Mini Series (Mini Cola, Mini Sour, etc.)
These mini colas are really cute to look at since they're so small. They might even make good decorations for a desk! The candies inside are really small and pill-sized, somewhat like how many mints are shaped. The red one is cola-flavored, which is pretty good if you like that flavor. The blue one is soda-flavored. One of our tasters preferred the blue one, but mostly because he doesn't like cola-flavored sweets.
The candy has a soft, flaky texture when you bite into it, so don't expect them to be chewy! One thing to consider is that once you open it, you won't be able to close it up again, so you can't just save it for later.
Candy Tablets (Hi-Lemon and Yogulet)
This series is also released by Meiji. The first thing we thought was that the packaging was really cool and unique. We tried two flavors: lemon (Hi-Lemon) and yogurt (Yogulet). The name "Yogulet" seems to come from a combination of "yogurt" and "tablet," which makes sense because the candies actually are shaped like medicine tablets. They even come in a sheet where you have to pop each individual "tablet" out to eat!
All of us really liked the yogurt one. The lemon one was sweet and sour with a bitter aftertaste, which is great for those who like more tart flavors. Fun fact: On the box, it says that you'll get good luck if you find a tablet with a smiley face on it. Cross your fingers and hope for a smiley face tablet!
You can tell that the makers of Baby Star Ramen are huge fans of noodles, because they were the ones to create this snack! To be honest, we find it hard to call this a snack since it looks and tastes exactly like normal instant ramen... just mini sized.
It has four classic flavors - tonkotsu (pork), shoyu (soy sauce), curry, and tanshio (salty beef) - as well as several limited-edition and regional flavors. At 70 yen a pop, these little instant ramen cups are a great option for when you really want to eat some ramen but just can't justify eating a normal-sized cup of instant noodles!
A tray of 4 small honey glazed donuts! We were pretty excited to try this one since we were curious about how it would taste. They were a bit dry, but the level of sweetness wasn't too strong, so we could see it go down well with a cup of coffee or tea. If you're craving just a small bite of sugary bread, this might be a good one to go for. It's not greasy either, unlike what you would expect from how it looks.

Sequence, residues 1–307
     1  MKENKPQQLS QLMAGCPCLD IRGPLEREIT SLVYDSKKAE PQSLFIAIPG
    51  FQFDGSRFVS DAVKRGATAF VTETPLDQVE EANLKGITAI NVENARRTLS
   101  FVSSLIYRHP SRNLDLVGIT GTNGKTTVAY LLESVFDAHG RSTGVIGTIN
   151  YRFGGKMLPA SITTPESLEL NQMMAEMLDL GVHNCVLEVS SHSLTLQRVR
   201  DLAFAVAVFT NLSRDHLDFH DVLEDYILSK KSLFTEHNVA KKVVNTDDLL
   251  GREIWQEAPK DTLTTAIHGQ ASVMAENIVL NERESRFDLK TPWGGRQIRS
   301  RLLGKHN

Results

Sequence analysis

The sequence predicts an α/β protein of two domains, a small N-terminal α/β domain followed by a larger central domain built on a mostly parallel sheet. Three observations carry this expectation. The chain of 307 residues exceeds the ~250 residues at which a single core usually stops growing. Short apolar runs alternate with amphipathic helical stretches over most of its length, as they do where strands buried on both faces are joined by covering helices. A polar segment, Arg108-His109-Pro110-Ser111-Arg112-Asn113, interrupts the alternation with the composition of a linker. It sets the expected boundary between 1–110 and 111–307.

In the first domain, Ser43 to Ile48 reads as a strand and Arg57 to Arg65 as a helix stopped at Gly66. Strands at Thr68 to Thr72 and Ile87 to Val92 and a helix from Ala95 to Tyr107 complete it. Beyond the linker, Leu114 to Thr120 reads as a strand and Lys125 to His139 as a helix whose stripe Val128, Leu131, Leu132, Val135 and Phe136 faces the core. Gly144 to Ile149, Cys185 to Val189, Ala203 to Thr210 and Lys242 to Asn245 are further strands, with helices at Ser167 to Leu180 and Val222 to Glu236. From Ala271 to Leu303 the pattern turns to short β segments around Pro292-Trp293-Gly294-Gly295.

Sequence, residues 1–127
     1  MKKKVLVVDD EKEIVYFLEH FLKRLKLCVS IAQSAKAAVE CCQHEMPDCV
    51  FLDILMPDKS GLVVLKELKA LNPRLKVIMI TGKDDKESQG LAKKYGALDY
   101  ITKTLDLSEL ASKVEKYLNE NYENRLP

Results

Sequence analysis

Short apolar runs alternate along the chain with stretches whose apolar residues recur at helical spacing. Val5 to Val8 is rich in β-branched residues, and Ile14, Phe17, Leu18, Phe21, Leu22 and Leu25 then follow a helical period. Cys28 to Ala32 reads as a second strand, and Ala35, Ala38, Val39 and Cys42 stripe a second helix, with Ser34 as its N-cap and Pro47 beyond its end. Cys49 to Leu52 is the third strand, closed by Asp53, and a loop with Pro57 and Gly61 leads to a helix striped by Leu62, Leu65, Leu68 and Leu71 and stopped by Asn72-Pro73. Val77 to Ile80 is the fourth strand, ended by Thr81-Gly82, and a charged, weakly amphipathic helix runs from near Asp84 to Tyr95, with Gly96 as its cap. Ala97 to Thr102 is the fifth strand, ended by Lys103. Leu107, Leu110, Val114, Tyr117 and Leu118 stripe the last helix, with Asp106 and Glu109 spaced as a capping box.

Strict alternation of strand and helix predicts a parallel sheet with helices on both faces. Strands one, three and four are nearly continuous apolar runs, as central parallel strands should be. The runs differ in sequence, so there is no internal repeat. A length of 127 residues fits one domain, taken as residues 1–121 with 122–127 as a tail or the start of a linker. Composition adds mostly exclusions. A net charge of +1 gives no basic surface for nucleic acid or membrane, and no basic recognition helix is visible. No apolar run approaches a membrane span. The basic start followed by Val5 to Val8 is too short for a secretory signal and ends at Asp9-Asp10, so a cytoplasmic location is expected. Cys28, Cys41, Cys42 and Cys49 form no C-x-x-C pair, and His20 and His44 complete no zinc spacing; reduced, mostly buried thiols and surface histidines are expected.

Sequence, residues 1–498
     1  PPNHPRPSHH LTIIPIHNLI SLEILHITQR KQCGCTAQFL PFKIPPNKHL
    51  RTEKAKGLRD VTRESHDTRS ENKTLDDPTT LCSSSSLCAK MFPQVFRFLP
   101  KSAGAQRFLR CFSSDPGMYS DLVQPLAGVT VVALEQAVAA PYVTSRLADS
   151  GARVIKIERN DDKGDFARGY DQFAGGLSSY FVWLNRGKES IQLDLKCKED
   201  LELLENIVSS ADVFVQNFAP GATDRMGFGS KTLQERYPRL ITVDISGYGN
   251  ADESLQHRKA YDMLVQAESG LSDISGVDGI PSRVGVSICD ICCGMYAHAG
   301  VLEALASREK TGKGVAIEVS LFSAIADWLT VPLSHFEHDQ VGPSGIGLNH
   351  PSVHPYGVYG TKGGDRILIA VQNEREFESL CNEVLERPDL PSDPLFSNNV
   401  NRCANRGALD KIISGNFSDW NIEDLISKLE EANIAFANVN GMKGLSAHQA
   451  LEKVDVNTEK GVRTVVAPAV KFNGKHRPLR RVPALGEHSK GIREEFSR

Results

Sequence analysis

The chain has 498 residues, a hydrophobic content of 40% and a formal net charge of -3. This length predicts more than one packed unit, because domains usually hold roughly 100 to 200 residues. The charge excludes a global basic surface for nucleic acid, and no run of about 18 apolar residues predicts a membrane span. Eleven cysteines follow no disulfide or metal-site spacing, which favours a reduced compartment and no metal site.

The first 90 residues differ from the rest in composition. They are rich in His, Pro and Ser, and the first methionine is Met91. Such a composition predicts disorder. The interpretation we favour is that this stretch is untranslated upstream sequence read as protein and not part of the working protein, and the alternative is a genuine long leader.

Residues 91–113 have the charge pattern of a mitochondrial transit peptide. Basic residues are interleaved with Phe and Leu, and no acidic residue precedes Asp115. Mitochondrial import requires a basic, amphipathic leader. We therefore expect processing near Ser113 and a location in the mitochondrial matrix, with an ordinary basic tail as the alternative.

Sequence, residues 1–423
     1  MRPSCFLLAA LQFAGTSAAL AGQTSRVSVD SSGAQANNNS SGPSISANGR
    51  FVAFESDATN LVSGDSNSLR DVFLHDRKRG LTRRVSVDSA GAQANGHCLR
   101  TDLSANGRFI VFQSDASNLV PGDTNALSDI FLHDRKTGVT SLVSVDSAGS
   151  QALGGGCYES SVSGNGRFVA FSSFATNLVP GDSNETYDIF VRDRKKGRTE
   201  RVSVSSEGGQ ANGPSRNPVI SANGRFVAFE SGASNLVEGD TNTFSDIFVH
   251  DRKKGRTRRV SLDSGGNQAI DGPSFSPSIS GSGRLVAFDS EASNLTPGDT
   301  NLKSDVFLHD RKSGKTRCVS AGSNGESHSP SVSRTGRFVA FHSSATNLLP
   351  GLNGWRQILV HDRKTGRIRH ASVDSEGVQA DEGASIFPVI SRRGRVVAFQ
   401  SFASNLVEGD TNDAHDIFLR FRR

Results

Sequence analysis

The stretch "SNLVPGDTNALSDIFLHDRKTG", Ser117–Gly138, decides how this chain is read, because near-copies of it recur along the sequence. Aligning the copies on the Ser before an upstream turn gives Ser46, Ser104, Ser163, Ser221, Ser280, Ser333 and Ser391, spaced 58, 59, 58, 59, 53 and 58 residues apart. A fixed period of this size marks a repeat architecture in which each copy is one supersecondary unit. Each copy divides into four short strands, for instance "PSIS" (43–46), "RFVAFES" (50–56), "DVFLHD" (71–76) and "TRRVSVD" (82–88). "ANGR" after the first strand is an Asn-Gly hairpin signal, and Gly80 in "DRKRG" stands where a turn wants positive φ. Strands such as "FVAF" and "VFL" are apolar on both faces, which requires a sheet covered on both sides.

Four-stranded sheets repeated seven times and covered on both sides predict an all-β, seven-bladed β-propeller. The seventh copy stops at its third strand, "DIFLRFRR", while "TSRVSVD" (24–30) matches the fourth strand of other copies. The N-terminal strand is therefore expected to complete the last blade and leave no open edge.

This caramel candy is a classic for most Japanese people. It tastes like a delicious mix of creamy milk and caramel and isn't too sweet, so even people who normally can't stand sweet things can easily eat several of these candies. Some people even choose to use this as a substitute for more sugary things by melting them and using the syrup on ice cream and pancakes!
The packaging for this is really cool and retro. It's made to look like a cigarette box, with little chalk-like "cigarette" sticks inside. It has a strange combination of menthol and chocolate, so it wasn't one of our favorites on the list unfortunately, but looking at the box is definitely a throwback to the past!
The designs and flavors of dagashi are very nostalgic for many Japanese people, but they are still quite popular with kids to this day! Feel free to use this guide to help you find which ones to try for yourself. Of course, these are only our opinions on these traditional snacks, so be adventurous and try many different kinds of dagashi together with your family and friends!
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The information in this article is accurate at the time of publication.